The beautiful stained glass windows are a feature of our Cathedral. They need to be maintained, because they are susceptible to deterioration due to the weather and other environmental impacts, so in the 1990s a restoration program was undertaken.

Also in the 1990s, many parishioners welcomed the installation of a special infrared heating system in the Cathedral that added to their comfort, especially during the very cold Armidale winters.

The hail storm of late September 1996 damaged part of the roof and some windows, and they needed to be repaired. Like all large buildings of significance, ongoing maintenance is a big responsibility for the Bishop, Cathedral Administrator and members of the wider diocese.

You are the tenth Bishop of Armidale. What can you tell us about some of your predecessors?

Yes, I am the tenth Bishop to head the Diocese – the first being Bishop Timothy O’Mahony, who took up his post here in 1871, having been appointed several years earlier. All the men who have occupied the post were men of deep faith and commitment to the church and their parish communities. Like all of us, they had varying skills and abilities, but I think it fair to say that all left a distinctive mark on the Diocese.

Some occupied the office of bishop for only a relatively short time (e.g. Bishop James Freeman was bishop for only three years, before being appointed Archbishop of Sydney, and then later becoming Cardinal. Bishop Kevin Manning was bishop for six years, before being appointed to Parramatta). Three of our first four bishops were Irishmen. Bishop Edward Doody, the fifth bishop, was our first Australian-born bishop, appointed in 1948, having been educated and ordained a priest in Queensland.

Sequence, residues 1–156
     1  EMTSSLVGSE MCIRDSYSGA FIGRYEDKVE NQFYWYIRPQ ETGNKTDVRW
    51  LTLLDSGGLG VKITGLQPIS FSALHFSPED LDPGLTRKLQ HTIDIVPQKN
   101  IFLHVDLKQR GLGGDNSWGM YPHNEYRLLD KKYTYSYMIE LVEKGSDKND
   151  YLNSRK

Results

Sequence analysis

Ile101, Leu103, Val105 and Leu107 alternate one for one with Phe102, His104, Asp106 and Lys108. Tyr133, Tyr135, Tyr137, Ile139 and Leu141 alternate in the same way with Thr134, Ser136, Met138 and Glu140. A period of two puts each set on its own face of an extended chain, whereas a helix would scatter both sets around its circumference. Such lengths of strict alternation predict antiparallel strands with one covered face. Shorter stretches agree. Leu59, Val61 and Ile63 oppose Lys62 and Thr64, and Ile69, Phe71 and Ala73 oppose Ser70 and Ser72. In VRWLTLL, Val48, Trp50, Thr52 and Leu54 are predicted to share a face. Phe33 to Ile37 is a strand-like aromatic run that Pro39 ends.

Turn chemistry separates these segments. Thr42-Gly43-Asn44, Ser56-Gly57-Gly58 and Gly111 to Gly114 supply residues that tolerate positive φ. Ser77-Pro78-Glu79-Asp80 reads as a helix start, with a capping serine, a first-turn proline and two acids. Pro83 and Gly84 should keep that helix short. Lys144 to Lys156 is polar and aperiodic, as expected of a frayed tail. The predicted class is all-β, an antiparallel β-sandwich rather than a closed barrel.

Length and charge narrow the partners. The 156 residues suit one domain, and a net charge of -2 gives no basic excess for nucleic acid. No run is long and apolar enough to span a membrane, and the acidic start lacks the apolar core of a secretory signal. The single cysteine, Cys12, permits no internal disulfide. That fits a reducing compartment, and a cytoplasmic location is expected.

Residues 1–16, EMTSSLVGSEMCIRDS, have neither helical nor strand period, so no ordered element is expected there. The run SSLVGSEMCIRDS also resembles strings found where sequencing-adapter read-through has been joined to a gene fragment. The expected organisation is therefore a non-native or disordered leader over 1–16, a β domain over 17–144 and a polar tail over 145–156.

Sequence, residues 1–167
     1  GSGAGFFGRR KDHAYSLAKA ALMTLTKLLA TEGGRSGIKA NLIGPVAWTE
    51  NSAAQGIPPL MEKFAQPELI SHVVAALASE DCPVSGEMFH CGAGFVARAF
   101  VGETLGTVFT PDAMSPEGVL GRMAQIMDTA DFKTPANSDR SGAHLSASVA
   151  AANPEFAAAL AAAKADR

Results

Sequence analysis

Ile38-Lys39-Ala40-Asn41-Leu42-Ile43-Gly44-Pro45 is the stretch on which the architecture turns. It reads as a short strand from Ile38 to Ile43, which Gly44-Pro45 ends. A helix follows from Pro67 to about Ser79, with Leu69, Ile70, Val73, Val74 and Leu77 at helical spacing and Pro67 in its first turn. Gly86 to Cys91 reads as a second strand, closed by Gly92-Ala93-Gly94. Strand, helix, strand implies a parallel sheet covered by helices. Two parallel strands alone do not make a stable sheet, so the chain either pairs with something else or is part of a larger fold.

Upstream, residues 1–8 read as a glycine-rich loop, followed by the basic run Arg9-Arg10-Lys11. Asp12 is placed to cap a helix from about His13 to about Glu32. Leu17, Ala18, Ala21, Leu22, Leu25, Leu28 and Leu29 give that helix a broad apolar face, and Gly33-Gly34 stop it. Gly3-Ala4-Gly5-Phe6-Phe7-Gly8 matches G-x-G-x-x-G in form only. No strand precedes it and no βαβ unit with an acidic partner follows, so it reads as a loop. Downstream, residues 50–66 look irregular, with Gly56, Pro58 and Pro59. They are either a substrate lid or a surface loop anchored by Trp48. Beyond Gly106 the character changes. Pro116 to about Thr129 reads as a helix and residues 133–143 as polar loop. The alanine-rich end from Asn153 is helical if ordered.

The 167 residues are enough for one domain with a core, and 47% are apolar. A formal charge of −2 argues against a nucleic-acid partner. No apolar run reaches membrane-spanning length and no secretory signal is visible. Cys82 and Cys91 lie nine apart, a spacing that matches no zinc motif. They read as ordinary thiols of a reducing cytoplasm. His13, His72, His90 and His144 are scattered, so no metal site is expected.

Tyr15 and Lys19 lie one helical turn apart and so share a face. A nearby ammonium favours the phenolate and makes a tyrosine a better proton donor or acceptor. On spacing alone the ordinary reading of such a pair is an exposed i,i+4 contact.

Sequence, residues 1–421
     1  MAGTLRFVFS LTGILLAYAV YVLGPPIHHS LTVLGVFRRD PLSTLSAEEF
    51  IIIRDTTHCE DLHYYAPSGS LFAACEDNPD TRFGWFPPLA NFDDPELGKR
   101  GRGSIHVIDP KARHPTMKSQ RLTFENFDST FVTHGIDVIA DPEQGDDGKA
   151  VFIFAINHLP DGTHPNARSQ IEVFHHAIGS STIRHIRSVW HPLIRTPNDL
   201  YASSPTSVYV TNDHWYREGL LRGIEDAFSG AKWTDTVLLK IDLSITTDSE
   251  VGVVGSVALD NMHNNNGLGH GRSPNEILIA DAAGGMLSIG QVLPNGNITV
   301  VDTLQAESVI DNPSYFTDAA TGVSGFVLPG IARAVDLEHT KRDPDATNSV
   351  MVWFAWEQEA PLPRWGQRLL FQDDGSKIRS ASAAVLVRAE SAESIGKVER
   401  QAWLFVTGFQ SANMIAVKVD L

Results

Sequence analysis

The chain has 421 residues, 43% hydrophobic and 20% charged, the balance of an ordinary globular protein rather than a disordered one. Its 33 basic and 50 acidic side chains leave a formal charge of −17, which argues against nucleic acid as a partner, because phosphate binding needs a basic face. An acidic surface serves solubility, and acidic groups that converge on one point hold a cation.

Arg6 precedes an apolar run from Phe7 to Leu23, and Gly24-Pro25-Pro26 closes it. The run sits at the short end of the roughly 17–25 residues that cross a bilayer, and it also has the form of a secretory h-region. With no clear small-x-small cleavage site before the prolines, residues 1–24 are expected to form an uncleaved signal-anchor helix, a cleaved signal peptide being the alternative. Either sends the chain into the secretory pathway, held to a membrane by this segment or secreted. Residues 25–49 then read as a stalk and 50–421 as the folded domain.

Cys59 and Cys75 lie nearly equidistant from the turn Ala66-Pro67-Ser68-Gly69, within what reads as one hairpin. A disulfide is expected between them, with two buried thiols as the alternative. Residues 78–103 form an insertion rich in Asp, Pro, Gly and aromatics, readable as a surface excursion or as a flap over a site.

If I had to single out any of them for their distinctive contributions, in addition to Bishop Patrick O’Connor, whom I have discussed earlier, I would make mention of his immediate predecessor, Bishop Elzear Torreggiani. Bishop Torreggiani was an Italian, who was a member of the Capuchin Franciscan order and was appointed in 1879, having held positions in England and Wales, where he had been sent as a missionary priest. Bishop Torreggianni was an imposing man both literally (he weighed more than twenty stone) and figuratively.

The then Monsignor Patrick O’Connor was his Vicar General, his right hand man, and together they formed a formidable team.

While one could say that Bishop O’Connor was a builder of buildings, Bishop Torreggiani was a builder of communities, establishing a number of parishes in the diocese, as well as schools. When he came to Armidale, there were only two Catholic schools in the diocese, and no teaching orders of nuns or brothers. In the 1880s he attracted several teaching orders, including the Sisters of St Joseph of the Sacred Heart, whose mother superior, Mother Mary MacKillop, (now St Mary of the Cross) brought sisters from Queensland to establish a school in Tenterfield. In 1882 a group of 10 Ursuline nuns and two postulants arrived in Armidale from England at the invitation of Bishop Torreggiani and established a school in Armidale that was later to become St Ursula’s College, and ultimately part of what is now O’Connor Catholic College.